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The Path to Diagnosis: Understanding Dystonia

Sep 20, 2017 02:00PM ● By Cate Reynolds
By Lisa J. Gotto

For some people, it manifests itself as an involuntary shaking of the head, writer’s cramp with difficulty writing, or an inability to vocalize, among other symptoms.

Do you or someone you know suffer from chronic ailments like these and are they substantially affecting the quality of their life? You may have even been to your physician, but are still experiencing symptoms despite what the doctor has prescribed for you. If this is the case, you may be suffering from a condition known as Dystonia.

September is Dystonia Awareness Month, a campaign dedicated to increasing visibility for this disorder, which affects men, women, and children of all ages and backgrounds, according to the Dystonia Medical Research Foundation. The DMRF states that more than 300,000 people in the United States and Canada are affected by this disorder, which is sometimes misdiagnosed as stress, a stiff neck, or a psychological disorder.

For many the journey to a proper diagnosis can be a frustrating one fraught with trial and error, setbacks, medical wait times, and the stress that comes with the unknown.

Debbie Carta of Odenton has lived that journey, but has emerged as an advocate with a clearer picture of what she is dealing with and how best to treat it.

“I have read that it can take seeing 15 doctors and five years to get a diagnosis, if you get one at all,” she says.

Carta’s primary symptoms at onset were head tremor and hoarse throat. “I had head tremor for about eight years that was not too severe, but then it became very severe and worsened over an 18-month period.”

During that “not too severe” period Carta consulted with a physician and eventually met with a neurologist during the early stages. The advice was to stop drinking coffee. “I did, but it did not help at all.”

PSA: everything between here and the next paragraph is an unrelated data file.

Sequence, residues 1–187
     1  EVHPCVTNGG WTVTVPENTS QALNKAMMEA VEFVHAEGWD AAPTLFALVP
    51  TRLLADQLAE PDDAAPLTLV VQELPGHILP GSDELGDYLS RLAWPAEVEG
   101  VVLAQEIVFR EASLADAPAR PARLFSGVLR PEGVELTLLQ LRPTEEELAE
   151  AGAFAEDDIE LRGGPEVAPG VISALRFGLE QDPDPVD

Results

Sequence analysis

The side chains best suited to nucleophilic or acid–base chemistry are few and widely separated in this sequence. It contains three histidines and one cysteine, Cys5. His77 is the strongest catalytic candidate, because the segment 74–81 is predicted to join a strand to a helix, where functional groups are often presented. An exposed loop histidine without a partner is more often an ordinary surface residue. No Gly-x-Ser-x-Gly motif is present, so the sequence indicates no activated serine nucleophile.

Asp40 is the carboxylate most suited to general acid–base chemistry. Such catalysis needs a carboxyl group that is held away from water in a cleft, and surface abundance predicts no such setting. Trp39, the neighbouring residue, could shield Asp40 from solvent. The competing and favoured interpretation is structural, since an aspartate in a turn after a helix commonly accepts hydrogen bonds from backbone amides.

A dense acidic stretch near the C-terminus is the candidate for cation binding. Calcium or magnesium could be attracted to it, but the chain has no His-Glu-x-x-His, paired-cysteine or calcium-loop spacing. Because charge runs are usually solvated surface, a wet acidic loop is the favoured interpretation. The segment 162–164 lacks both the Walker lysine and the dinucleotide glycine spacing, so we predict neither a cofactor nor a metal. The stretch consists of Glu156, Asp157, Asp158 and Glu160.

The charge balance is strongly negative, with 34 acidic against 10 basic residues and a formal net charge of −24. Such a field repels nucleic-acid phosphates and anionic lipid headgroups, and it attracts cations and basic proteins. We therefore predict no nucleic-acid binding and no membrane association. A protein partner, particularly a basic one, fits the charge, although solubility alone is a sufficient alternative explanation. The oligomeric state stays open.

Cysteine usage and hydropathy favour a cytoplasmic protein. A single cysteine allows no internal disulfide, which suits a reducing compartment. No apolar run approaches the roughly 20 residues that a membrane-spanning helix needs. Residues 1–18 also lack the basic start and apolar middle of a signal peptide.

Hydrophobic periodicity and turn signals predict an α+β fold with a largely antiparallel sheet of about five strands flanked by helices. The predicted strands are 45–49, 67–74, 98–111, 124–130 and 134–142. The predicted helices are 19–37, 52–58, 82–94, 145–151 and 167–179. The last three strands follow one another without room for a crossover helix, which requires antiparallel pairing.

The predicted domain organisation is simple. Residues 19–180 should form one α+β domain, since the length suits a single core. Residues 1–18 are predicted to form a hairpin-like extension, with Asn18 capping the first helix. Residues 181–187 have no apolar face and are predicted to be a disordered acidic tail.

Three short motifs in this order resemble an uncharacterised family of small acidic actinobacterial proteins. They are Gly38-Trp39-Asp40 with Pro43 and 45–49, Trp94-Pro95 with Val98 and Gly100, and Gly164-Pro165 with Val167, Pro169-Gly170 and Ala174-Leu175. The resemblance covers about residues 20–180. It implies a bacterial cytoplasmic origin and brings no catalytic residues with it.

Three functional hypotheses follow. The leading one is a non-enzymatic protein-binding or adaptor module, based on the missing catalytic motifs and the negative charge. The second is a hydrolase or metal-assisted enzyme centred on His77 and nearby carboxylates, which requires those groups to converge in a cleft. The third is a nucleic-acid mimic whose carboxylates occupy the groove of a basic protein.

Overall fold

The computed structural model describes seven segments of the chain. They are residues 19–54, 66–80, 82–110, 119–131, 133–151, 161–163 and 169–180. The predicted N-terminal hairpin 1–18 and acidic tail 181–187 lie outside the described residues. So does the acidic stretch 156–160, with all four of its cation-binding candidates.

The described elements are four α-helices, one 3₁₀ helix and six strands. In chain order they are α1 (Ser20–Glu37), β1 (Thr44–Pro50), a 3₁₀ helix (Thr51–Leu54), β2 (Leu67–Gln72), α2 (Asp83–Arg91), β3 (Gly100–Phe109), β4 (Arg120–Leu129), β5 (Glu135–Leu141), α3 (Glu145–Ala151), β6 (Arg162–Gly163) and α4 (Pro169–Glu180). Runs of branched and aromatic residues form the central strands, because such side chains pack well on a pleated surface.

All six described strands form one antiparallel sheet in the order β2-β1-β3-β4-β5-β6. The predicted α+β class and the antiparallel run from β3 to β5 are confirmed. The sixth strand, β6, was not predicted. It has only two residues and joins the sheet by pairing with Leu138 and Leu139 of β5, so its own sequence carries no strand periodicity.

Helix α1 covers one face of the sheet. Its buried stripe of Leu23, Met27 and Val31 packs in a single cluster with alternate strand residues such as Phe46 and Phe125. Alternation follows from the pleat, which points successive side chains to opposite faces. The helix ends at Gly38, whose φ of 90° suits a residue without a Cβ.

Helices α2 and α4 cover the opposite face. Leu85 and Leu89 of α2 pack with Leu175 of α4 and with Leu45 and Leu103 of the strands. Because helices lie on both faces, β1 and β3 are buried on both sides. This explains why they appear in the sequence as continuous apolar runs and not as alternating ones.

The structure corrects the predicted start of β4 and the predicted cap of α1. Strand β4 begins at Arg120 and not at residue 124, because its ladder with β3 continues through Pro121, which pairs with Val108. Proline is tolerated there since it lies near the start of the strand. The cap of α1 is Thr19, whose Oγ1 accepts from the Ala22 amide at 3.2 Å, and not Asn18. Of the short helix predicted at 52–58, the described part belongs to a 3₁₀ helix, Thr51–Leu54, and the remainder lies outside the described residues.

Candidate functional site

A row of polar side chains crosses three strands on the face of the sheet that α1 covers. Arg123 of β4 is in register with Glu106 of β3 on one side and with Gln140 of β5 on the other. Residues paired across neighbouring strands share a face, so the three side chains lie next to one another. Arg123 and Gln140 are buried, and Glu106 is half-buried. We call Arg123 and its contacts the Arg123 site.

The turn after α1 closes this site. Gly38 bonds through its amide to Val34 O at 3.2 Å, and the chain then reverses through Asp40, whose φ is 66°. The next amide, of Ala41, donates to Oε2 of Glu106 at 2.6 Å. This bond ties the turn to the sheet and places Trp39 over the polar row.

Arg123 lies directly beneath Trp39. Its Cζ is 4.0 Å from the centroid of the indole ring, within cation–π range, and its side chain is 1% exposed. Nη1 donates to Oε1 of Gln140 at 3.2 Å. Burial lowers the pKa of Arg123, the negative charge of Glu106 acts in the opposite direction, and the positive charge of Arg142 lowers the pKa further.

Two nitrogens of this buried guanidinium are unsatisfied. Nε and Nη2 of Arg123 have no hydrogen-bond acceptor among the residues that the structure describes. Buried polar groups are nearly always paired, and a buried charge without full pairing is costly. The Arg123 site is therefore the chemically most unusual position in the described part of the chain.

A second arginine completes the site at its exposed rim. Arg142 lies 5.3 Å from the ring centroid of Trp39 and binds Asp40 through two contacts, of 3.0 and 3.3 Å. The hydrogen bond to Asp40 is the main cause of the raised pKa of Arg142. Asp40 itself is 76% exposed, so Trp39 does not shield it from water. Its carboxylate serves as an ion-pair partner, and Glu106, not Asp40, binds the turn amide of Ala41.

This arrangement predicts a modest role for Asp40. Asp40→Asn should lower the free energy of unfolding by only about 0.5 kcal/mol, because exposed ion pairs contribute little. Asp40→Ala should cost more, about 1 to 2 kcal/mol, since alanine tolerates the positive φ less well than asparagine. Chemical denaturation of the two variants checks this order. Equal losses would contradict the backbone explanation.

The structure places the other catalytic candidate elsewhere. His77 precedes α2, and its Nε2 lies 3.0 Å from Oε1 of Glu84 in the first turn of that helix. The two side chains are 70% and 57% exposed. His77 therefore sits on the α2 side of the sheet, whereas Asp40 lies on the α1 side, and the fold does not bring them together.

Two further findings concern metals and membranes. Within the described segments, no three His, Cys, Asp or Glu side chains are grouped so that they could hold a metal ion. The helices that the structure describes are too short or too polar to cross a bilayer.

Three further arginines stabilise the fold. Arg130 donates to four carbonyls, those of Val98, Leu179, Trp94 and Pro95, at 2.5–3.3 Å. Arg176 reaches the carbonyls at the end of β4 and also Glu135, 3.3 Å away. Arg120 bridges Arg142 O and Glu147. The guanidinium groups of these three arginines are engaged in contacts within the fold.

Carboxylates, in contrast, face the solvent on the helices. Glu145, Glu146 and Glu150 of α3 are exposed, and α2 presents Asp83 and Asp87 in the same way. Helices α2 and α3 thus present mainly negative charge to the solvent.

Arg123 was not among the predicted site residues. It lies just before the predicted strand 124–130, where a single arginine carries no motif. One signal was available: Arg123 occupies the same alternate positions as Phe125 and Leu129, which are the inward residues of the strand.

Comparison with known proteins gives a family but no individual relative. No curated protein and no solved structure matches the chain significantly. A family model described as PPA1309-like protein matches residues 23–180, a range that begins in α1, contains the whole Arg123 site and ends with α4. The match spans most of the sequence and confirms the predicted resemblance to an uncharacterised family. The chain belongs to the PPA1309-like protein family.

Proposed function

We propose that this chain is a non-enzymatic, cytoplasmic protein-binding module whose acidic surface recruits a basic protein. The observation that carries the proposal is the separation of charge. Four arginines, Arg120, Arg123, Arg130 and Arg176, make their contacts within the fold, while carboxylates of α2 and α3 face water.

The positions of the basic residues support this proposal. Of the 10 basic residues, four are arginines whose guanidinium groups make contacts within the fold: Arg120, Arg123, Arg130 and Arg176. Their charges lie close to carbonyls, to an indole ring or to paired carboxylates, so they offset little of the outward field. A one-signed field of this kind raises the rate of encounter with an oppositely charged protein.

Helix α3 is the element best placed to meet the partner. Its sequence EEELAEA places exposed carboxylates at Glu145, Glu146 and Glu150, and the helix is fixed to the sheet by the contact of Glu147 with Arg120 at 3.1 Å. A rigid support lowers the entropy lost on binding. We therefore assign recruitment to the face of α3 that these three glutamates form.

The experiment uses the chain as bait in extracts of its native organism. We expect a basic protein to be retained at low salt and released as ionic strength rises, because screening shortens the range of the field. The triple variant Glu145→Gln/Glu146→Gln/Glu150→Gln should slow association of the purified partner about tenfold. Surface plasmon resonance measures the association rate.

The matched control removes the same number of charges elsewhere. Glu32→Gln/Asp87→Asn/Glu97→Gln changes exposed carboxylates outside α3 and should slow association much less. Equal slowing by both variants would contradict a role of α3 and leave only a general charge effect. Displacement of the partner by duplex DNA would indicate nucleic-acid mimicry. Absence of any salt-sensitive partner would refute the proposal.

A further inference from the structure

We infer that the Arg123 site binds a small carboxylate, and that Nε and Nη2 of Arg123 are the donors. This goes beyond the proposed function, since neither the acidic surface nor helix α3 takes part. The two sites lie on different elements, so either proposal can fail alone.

She had terrible headaches, a stiff neck and shoulders, and her posture became misaligned. She sought the help of a second neurologist, who diagnosed she was suffering from migraines.

“I visited my primary care doctor over and over, two different ENT’s (ear, nose, and throat doctors) a rheumatologist, and an infectious disease doctor. I was sent to physical therapy and to two chiropractors.” She received an inaccurate diagnosis of Lyme disease at one of her visits.

What she would learn and what is probably the toughest aspect of getting properly diagnosed is the complexity of Dystonia—which is a rare and chronic brain condition in which the brain sends signals to the nerves thus causing severe muscle contractions. These contractions cause shaking and sometimes violent muscle movements.

It was Carta’s third attempt, this time with a movement disorder neurologist at Johns Hopkins, that finally yielded some relief and much needed answers. “I had to wait eight months for an appointment and diagnosis, and another three to begin treatment, but it was well worth it.”

Carta is now on that treatment plan to target and address her specific symptoms and their level of severity.